At the breakfast table yesterday, Sean said, “Dad has many good qualities. None have anything to do with his body.”
I had good laugh over that and was amused enough to share it on Twitter and Facebook. Which brought this thoughtful response from a friend: “Little does he know what you’ve been through with your body. When he realizes, he’ll know that that’s your best quality!”
Sean knows, of course. He’s seen for himself what a crippled back did to me before I got that fixed, and he’s heard all about the Crohn’s Disease I had as a kid. He has seen the pictures of me bloated on Prednisone and the fourth-grade report card with 43 absences on it, 26 of them during the final semester that year. Whether he truly comprehends it all is another thing.
His witticism, though, was meant to get a reaction. Nothing more, nothing less. He knows I enjoy a good zinger, especially from him and his brother.
But there is a bigger lesson for the kids: bodies fall apart for different reasons and in the majority of cases, it need not prevent a person from living life to the full.
I have friends who test and break their limits with weight lifting, martial arts and the like. I admire them immensely but will never duplicate their achievements because I still have a spine that limits movement. I’ll also never be as thin or muscular as they are, for the same reason. The childhood intake of Prednisone, meanwhile, left me with permanently bad vision and more body hair than I’d like.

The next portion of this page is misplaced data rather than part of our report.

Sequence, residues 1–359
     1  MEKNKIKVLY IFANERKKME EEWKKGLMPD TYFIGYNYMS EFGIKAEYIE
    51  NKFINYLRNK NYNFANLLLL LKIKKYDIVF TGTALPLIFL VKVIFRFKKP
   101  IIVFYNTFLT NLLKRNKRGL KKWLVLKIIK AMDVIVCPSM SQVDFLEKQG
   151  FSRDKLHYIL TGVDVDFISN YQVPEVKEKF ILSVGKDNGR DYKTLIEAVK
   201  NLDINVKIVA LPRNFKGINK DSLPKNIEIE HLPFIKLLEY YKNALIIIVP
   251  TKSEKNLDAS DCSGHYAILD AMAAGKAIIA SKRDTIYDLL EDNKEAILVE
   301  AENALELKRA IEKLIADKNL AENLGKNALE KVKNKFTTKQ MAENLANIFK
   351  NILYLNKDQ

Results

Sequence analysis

Despite my body’s imperfections, I still push myself in a variety of ways. I cut flour and sugar from my diet years ago. I’m a regular walker and always have been. I push myself hard on the career front and have been rewarded many times over. I’ve pushed myself to the outer limits in unraveling my mental disorders and getting them treated.
My body may not be what most consider attractive, but I’m proud of it. Because despite all the blows over the years, it keeps on working.
Does that excuse me from striving to be in better shape? Of course not. There’s still plenty I can do to control weight and muscle mass, and there are no good excuses for avoiding that work.
My bodybuilding friends overcame plenty of their own physical limitations to get to where they are. I admire them for that. They remind me of the older brother I lost in 1984. He didn’t get to live a long life, but despite the asthma that eventually killed him, he lifted weights religiously and was full of muscle. It was his way of not taking an ailment lying down.
I learned a lot from that, and I think Sean and Duncan are learning a lot from my broken-body adventures today.